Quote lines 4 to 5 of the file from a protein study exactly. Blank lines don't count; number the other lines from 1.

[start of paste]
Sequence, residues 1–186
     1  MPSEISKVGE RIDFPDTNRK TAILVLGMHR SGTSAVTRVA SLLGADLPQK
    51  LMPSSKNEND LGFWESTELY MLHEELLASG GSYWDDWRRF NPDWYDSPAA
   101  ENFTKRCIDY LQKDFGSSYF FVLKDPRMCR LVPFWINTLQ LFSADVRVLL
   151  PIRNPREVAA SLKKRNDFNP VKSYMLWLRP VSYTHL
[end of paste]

   101  ENFTKRCIDY LQKDFGSSYF FVLKDPRMCR LVPFWINTLQ LFSADVRVLL
   151  PIRNPREVAA SLKKRNDFNP VKSYMLWLRP VSYTHL